Many medications list depression as a side effect—but the evidence linking a particular medication to depression isn’t always conclusive. And because depression is common in people who have certain chronic illnesses, it’s often difficult for doctors to determine whether a particular medication is to blame or if a patient’s depressed state results from the illness itself. Having said that, there are certain medications that do indeed cause depression in some patients. These medications should be used cautiously in people with current or prior depression, or those who are otherwise at high risk for depression, including
– Vigabatrin (Sabril)
– Topiramate (Topamax)
– Efavirenz (Sustiva)
Some of these medications may cause depressive symptoms directly by altering levels of neurotransmitters in the central nervous system. Others may do so indirectly by causing fatigue, diminished appetite, sedation or other side effects, which can lead to depression. It’s important for patients to let their doctors know if they experience a depressive episode while taking any of the medications on the list. If the doctor determines that the symptoms are related to a medication or combination of medications that the patient is taking, he or she may alter the dosage or switch to another drug or combination.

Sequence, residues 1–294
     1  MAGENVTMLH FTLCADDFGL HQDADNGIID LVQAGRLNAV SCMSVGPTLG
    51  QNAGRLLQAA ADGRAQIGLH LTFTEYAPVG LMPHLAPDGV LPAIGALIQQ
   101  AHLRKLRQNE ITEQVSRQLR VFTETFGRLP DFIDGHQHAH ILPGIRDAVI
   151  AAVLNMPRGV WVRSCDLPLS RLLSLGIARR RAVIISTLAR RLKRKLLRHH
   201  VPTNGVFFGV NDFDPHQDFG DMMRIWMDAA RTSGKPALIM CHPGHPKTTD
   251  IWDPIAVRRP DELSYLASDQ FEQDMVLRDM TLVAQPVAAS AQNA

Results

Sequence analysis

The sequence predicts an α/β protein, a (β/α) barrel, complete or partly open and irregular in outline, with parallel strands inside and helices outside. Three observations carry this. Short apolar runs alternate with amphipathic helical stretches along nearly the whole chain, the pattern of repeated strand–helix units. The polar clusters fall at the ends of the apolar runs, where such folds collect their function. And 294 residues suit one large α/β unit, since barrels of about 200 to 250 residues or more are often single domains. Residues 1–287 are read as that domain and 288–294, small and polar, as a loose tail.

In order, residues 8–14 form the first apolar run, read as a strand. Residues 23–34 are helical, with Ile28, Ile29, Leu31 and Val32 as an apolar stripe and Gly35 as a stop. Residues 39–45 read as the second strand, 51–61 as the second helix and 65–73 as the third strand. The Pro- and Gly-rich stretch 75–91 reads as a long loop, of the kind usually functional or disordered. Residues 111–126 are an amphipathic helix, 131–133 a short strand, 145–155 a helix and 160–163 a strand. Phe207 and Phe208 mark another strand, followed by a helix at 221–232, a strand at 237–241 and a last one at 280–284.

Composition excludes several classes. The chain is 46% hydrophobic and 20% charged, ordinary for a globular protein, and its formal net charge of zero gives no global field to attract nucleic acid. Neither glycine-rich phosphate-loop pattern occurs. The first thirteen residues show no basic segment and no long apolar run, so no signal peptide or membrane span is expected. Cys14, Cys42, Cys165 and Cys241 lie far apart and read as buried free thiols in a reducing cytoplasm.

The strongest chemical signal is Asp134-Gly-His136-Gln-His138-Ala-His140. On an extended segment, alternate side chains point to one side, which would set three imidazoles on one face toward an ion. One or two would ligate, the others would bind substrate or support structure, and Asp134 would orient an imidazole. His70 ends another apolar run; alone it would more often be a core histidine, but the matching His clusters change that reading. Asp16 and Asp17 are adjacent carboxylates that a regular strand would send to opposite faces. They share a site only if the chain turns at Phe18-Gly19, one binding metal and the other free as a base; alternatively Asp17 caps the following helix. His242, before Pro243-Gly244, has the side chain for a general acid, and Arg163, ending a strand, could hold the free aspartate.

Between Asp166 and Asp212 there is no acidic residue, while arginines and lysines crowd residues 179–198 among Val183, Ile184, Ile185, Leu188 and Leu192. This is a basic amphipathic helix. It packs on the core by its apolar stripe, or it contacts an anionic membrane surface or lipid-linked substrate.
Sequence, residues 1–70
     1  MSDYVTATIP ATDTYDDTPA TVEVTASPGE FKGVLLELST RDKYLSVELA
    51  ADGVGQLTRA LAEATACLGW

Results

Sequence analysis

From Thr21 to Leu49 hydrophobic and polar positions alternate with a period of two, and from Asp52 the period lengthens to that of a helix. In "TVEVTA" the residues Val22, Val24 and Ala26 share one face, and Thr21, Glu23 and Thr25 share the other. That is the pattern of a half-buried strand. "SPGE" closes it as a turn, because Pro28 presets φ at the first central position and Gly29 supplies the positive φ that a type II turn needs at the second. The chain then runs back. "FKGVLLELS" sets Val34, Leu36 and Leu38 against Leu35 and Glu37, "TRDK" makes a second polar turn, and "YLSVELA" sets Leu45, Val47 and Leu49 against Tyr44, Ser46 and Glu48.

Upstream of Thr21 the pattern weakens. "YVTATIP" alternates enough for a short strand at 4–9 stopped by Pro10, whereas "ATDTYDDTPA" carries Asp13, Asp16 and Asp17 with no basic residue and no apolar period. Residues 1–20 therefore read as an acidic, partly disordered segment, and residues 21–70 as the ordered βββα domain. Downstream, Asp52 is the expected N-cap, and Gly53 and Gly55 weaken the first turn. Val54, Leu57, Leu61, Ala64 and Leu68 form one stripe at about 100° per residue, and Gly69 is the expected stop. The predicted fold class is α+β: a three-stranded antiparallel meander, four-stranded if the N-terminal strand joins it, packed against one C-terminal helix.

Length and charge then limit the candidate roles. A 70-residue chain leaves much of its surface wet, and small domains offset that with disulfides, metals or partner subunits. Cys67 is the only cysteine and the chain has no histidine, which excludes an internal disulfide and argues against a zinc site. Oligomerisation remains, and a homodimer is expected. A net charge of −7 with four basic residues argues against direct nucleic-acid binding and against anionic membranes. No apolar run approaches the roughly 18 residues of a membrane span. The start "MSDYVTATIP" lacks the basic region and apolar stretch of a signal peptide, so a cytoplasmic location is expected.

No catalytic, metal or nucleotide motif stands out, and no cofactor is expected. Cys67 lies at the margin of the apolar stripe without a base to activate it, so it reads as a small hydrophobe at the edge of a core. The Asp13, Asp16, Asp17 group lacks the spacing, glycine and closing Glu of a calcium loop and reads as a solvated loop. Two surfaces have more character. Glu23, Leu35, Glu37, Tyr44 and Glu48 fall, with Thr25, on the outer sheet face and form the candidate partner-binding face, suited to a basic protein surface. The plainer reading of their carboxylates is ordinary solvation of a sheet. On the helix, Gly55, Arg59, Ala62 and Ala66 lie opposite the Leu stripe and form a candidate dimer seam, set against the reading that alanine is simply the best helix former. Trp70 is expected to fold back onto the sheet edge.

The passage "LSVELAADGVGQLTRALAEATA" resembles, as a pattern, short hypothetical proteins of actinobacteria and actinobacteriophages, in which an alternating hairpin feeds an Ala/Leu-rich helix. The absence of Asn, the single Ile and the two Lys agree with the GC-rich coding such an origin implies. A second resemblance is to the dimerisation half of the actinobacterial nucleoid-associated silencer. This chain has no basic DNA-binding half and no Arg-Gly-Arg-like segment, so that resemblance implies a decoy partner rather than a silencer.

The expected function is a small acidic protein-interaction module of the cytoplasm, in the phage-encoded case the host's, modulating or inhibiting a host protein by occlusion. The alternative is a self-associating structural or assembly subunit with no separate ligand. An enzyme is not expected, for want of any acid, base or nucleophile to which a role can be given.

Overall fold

Classes of medications that may contribute to depression or depressive symptoms include:
– Alzheimer’s disease drugs such as donepezil (Aricept) and rivastigmine (Exelon)
– Anti-androgens such as bicalutamide (Casodex) and nilutamide (Nilandron)
– Anti-convulsants such as carbamazepine (Tegretol), lamotrigine (Lamictal) and zonisamide (Zonegran)
– Benzodiazepines such as alprazolam (Xanax), diazepam (Valium), estazolam (ProSom) and lorazepam (Ativan)
– Beta-blockers such as atenolol (Tenormin), propranolol (Inderal) and timolol (Timoptic)
– Calcium channel blockers such as diltiazem (Cardizem, Tiazac and others) and verapamil (Calan)
– Hormone replacement therapies such as estrogen (Premarin) and medroxyprogesterone (Provera)
– Parkinson’s disease medications such as amantadine and levodopa/carbidopa (Duopa, Sinemet)
– Other medications such as clonidine (Catapres, Duraclon), clopidogrel (Plavix) and raloxifene (Evista)
Even when depression is listed as a rare side effect of a medication, be aware that the risk of the medication triggering depression may increase with age because of changing body chemistry. Medication-related depression may lead to suicidal ideations or suicidal attempts in patients with a history of mood disorders and those who are taking multiple medications.